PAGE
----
This models that it’s okay not to speak until you’ve had a moment to consider your words. It’s demonstrating practical wisdom—showing we can come to Father God at any moment and ask him for help.

On a personal level, my children have paid attention to my transparency in battling control of my tongue. They see I’m not perfect, but I’m taking steps to surrender my struggles to Jesus. They are learning a spiritual discipline without being directly disciplined. I’ll often find myself praying, “Holy Spirit, give me your words because mine are ugly right now.” He is always faithful.

2. Give grace and do-overs

Healthy homes cannot have discipleship without grace, and grace is not effective without discipleship. When one of my kiddos spills something, I don’t stress over it, but I don’t allow them to walk away without taking responsibility. However, when a bottle of Italian soda shatters on the tile floor, sharp glass threatening tender toes, you bet I’m going to announce that no one moves until I can help!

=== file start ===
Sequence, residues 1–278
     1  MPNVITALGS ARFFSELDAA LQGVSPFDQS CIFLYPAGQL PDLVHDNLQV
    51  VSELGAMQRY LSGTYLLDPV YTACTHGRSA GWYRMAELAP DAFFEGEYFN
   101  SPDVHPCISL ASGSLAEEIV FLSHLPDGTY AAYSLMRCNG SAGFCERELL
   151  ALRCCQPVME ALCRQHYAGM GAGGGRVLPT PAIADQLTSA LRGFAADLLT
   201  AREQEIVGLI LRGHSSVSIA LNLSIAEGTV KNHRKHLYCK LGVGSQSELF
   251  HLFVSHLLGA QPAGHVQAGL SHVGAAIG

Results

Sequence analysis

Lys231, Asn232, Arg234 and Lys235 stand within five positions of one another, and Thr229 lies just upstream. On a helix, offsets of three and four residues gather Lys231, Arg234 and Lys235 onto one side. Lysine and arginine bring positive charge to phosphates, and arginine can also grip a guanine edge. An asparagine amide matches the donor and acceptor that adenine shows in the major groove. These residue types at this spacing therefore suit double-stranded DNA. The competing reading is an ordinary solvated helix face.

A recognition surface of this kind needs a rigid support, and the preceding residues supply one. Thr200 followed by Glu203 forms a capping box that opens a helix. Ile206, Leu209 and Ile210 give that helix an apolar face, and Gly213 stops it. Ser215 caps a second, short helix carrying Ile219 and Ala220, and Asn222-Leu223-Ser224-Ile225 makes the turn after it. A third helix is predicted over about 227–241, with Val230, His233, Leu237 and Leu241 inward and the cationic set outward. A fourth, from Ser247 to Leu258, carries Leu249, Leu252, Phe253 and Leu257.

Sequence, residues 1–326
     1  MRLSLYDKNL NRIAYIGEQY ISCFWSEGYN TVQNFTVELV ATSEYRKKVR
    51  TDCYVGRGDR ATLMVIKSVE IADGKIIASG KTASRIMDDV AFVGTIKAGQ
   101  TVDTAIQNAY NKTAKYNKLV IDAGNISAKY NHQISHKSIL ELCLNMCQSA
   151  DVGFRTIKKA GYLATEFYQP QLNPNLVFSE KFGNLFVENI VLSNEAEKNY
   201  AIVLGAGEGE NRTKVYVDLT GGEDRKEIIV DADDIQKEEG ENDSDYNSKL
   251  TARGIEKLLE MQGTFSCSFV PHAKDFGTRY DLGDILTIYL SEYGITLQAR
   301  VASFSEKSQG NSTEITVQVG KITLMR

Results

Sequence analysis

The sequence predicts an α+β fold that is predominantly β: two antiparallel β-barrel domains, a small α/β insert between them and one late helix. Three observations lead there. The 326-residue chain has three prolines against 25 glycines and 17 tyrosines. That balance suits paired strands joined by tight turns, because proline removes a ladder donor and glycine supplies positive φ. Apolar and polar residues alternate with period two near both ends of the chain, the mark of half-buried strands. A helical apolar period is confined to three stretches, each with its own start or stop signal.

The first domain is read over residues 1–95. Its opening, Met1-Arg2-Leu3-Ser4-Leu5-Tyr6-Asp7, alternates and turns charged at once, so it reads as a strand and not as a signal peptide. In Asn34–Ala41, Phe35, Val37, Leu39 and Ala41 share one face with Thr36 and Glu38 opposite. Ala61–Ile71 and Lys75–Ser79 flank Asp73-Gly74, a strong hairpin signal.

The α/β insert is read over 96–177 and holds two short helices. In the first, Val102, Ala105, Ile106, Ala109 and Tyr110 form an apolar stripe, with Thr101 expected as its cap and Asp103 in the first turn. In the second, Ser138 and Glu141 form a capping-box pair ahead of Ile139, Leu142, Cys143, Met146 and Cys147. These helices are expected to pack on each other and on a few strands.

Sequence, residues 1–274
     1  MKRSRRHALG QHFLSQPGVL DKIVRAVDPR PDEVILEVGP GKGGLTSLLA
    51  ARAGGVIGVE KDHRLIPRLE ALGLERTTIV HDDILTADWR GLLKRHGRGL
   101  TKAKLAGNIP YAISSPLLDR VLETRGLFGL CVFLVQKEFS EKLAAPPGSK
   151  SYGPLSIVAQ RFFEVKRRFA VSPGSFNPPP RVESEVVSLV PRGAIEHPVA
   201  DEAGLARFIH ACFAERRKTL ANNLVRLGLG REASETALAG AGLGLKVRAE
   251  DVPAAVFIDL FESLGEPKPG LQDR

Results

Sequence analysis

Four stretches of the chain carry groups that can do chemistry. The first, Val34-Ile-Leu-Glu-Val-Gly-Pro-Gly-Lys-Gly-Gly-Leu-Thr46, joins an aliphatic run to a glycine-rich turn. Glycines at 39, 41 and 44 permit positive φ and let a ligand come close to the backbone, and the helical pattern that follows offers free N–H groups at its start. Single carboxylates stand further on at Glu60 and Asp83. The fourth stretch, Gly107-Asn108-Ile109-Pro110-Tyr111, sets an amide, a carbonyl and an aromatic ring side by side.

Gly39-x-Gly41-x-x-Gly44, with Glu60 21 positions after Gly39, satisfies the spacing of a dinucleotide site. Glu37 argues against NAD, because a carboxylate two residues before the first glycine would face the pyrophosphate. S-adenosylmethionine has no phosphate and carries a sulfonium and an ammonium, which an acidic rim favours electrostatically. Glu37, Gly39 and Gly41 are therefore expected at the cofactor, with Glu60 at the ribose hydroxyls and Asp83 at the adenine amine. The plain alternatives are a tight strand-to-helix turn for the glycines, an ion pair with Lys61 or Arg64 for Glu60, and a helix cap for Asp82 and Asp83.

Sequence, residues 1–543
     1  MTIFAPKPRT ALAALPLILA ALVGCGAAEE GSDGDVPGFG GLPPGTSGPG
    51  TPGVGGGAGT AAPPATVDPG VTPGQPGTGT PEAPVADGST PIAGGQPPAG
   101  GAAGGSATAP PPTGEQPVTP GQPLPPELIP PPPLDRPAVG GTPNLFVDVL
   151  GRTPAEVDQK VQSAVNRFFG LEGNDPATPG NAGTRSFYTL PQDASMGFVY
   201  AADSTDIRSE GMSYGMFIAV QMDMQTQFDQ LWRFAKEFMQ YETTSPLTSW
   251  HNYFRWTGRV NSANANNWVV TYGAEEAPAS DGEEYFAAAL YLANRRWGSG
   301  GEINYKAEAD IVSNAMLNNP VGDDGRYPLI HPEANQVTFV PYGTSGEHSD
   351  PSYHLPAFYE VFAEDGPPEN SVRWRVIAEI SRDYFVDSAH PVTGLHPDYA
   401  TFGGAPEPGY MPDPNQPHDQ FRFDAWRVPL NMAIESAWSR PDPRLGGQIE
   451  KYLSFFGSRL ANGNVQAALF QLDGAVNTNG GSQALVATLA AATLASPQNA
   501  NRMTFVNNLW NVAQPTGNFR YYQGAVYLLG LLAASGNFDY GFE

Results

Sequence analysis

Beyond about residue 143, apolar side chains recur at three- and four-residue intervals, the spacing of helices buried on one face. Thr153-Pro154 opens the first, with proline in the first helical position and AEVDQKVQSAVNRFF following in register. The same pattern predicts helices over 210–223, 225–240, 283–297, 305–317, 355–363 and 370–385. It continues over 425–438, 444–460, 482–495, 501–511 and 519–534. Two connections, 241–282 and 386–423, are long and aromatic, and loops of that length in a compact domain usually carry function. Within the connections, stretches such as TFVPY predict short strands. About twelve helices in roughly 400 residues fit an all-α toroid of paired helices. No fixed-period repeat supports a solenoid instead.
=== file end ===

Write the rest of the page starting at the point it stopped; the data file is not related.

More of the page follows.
Words can be like broken glass. If I overhear my children begin a sentence in a rude, hurtful, or disrespectful way, it’s okay to stop them from taking a step further. A straightforward approach is to initiate in the moment do-overs. Below are some ways to redirect a conversation. (Some may work better than others, depending on the child’s age.)

“Please stop. You need to rephrase that.”

“I know you’re mad, but is there another way you can tell your sister how you’re feeling?”

“You’re such a kind, smart kid. I know you can choose better words. Try again.”

“Let’s start this whole conversation over. One, two, three, go!”